Thursday, November 3, 2011

Evidence of Writers, Worldwide, Gone Mad? NaNoWriMo in Full Swing


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Each November, novelists all over the world - young and old, newbies and veterans - take on the challenge: Write a 50,000 (or more) novel in just 30 days. It took me over three years to write my first novel, EMILY'S HOUSE, due to hit Amazon November 15 (*crowd roars*). It took me about six months to bang out first draft of my second, H.A.L.F., which I hope to have revised and on sale Spring, 2012. So I thought NaNoWriMo would be a good opportunity for me to challenge myself to write EMILY'S TRIAL, Book 2 of the Emily Adams series, faster. Fifty thousand words in 30 days? Why not! Two days in I'm close to 6000 words so I'm on pace. I'm pleased to share with you this guest post from Sean Madden. Enjoy!


NaNoWriMo: Writing a Novel in the Month of November


© Copyright 2011 Sean M. Madden. All Rights Reserved.


For years I've known National Novel Writing Month was lurking out there, occasionally making itself known via friends who brazenly placed NaNoWriMo badges on their blogs, spouted off about writing a novel in a month, and so on.

But, finally, after sitting on this for a few weeks, I decided late this past Saturday night that it was high time to sign up and commit myself — not to the loony bin, but to hashing out my own 50,000-word novel in the month of November.

That's right, a novel in a month.

On average, that amounts to 1,667 words per day, seven days a week, no days off. No small task, particularly when the vast majority of participants, referred to as wrimos, are likewise earning a living, earning a degree, or taking care of children and other loved ones.

Not only that. There are also children, or young folk at least, who are writing their own novels in a month. One such brave soul sent me my first NaNoWriMo ‘Writing Buddy’ invitation on Sunday morning. I don't know his whole real name, but his NaNoWriMo profile (http://www.nanowrimo.org/en/participants/iampaulop11) says he's a 17-year-old Harry Potter fan from the Philippines.

I accepted the invitation, of course, as I'll need all the help I can get despite the fact that I earn my living as a creative writing (and mindful living) teacher, guide and mentor.

My new writing buddy and I will be joining somewhere in the neighborhood of a quarter of a million participants, worldwide, who have likewise committed to writing a novel within the thirty days of November. For although the movement got started in the San Francisco Bay area in 1999, with just twenty-one writers apparently plying themselves with caffeine and muffins (http://www.nanowrimo.org/en/about/history), twelve years on it has grown into a global literary phenomenon.

More than ninety novels have thus far been published which were born out of this annual event. This includes two #1 New York Times bestsellers — Sara Gruen’s Water for Elephants and Erin Morgenstern’s The Night Circus.

The intention, however, is not to complete a finely polished manuscript. Rather, the idea — which goes perfectly with the way I teach my creative writing classes — is to break through non-writing inertia as well as the tendency many writers have to heavily edit and harshly critique themselves as they write. So the emphasis is on quantity, not to the exclusion of quality, but in recognition of the fact that to produce a quality work, one must first get down the story in a first draft, what American writing teacher Julia Cameron (http://en.wikipedia.org/wiki/Julia_Cameron) calls laying track.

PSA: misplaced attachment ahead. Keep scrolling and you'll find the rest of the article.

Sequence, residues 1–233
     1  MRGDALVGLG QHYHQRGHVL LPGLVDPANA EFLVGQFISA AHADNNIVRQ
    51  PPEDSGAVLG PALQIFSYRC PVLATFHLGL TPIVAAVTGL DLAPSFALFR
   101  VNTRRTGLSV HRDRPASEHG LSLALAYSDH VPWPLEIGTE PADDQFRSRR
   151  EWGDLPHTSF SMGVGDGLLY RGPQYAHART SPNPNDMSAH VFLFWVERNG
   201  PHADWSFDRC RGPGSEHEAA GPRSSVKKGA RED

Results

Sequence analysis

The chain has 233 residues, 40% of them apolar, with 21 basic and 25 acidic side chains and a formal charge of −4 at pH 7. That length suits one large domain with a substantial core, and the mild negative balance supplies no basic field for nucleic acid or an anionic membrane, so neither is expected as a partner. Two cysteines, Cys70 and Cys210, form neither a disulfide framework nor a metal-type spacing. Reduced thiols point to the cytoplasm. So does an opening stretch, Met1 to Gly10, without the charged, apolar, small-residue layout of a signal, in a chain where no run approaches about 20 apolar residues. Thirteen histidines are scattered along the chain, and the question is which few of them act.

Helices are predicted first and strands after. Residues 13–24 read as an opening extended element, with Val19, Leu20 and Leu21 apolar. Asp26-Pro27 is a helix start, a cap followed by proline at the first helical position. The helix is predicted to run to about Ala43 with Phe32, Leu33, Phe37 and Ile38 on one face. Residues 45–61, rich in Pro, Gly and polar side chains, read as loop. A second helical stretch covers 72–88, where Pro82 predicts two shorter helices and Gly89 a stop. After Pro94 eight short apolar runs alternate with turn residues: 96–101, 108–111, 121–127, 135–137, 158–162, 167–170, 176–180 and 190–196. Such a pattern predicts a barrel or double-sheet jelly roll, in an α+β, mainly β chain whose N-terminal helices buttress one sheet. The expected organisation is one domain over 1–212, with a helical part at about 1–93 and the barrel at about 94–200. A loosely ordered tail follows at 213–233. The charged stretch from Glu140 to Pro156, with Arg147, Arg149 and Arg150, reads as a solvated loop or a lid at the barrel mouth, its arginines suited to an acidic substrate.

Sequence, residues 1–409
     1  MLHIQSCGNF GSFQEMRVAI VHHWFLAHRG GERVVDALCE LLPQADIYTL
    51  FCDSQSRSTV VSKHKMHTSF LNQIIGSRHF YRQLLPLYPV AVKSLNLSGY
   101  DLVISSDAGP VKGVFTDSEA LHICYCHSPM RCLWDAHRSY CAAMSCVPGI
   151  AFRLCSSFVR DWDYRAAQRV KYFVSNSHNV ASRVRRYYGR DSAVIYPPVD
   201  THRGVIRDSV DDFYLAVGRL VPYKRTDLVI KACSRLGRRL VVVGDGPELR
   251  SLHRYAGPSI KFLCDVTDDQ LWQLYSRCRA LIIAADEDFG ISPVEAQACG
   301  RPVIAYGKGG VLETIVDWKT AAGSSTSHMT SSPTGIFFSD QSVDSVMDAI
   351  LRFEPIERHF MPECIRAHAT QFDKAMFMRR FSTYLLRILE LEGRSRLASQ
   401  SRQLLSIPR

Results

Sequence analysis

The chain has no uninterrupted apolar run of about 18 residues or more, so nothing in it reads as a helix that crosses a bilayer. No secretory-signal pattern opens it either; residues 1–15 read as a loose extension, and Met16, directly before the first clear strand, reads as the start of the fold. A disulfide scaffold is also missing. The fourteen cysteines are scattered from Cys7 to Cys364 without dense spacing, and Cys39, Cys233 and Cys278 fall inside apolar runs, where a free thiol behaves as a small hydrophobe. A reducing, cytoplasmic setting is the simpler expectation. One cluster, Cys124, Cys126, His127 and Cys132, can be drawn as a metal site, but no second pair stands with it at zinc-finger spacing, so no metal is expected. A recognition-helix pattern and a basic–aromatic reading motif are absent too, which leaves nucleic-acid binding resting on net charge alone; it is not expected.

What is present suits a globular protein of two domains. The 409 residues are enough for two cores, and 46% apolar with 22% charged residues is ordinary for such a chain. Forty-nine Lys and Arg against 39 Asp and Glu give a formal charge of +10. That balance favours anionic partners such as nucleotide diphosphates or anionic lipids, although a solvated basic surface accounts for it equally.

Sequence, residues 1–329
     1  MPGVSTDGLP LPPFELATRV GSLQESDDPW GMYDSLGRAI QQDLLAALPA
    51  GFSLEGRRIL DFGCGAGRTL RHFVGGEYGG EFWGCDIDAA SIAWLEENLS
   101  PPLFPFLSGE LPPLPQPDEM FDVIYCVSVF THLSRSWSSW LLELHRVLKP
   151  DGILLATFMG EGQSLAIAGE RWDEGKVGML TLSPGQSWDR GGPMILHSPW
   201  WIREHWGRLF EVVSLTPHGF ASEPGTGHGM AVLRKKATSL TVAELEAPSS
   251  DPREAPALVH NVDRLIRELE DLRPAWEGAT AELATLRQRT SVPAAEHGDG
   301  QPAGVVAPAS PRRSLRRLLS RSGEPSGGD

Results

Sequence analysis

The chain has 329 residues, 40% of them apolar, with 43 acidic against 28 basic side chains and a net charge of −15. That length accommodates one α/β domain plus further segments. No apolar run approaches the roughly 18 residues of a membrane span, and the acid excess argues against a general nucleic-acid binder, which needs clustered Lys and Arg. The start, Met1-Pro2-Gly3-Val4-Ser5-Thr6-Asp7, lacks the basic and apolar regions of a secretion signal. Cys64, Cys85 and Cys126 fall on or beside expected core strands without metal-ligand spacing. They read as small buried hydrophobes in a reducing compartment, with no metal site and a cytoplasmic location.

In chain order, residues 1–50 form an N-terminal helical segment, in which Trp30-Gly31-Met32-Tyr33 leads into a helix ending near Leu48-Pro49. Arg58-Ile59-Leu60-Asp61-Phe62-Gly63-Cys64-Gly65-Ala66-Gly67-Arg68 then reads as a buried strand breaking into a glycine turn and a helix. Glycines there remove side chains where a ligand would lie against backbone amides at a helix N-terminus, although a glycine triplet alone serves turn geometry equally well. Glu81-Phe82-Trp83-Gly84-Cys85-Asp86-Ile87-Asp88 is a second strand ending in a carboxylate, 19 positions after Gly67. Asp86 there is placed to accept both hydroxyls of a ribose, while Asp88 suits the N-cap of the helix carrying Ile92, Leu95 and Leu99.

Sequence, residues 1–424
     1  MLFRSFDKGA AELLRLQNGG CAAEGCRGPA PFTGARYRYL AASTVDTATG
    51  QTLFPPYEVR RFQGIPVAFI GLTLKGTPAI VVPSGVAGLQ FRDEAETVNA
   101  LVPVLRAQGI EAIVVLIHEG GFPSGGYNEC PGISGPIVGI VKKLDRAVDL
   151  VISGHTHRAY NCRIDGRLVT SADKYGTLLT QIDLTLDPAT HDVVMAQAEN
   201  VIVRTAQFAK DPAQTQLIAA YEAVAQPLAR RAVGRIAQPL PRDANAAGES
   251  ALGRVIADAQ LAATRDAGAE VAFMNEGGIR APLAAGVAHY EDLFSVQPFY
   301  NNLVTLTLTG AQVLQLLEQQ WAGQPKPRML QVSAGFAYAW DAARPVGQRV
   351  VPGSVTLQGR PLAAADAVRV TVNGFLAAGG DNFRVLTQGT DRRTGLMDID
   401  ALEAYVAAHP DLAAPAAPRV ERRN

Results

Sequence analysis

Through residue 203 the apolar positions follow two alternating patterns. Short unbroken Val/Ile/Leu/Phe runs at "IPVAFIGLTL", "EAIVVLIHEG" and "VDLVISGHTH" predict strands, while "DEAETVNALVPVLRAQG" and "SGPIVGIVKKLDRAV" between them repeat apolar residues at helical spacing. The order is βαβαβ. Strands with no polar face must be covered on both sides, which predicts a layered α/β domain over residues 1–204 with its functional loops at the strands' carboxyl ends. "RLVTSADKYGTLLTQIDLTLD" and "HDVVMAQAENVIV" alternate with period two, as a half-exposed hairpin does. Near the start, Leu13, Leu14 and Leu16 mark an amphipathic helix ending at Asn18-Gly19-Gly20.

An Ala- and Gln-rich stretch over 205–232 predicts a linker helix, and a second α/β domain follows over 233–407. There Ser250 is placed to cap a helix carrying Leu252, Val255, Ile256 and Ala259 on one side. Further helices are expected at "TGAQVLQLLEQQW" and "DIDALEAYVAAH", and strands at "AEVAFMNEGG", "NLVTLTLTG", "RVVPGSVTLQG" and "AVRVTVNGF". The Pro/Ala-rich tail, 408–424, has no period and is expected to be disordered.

Now, Dear Reader, there's a good chance that you, interested as you are in reading about the writing of a novel in a month, are harboring thoughts of one day writing your own novel. Why wait for that ever-elusive “one day” when an ideal opportunity is at hand throughout this month? Don’t worry about the event having already started. Even the NaNoWriMo program director is late out of the gates with her own writing (http://ow.ly/7gUCN).

And, at the end of the month, wouldn’t it be infinitely better to perhaps fall a few thousand words shy of the 50,000-word goal rather than not to have written anything at all?

You can learn more about National Novel Writing Month by visiting the NaNoWriMo website (http://www.nanowrimo.org). And you can follow the latest goings-on via Twitter, either by following @NaNoWriMo (http://twitter.com/NaNoWriMo) or by searching on the #NaNoWriMo hashtag.

If you'd like to keep an eye on this writer’s daily NaNoWriMo and other goings-on, you're cordially invited to follow me on Twitter as well: @SeanMMadden (http://twitter.com/SeanMMadden).

Finally, as if writing a novel in a month isn't enough on top of everything else I do — and this is where it really gets crazy — I also intend to write regular blog posts on my website, MindfulLivingGuide.com (http://MindfulLivingGuide.com), about the mad-dash process of penning a 50,000-word novel in a month. Those blog posts, though, will have to take a backseat to the primary task at hand.


As a Creative Writing and Mindful Living Guide, Sean M. Madden teaches writing, literature and mindful living classes in the UK, and provides one-to-one guidance and mentoring worldwide. He invites readers to follow or contact him on Twitter (@SeanMMadden).

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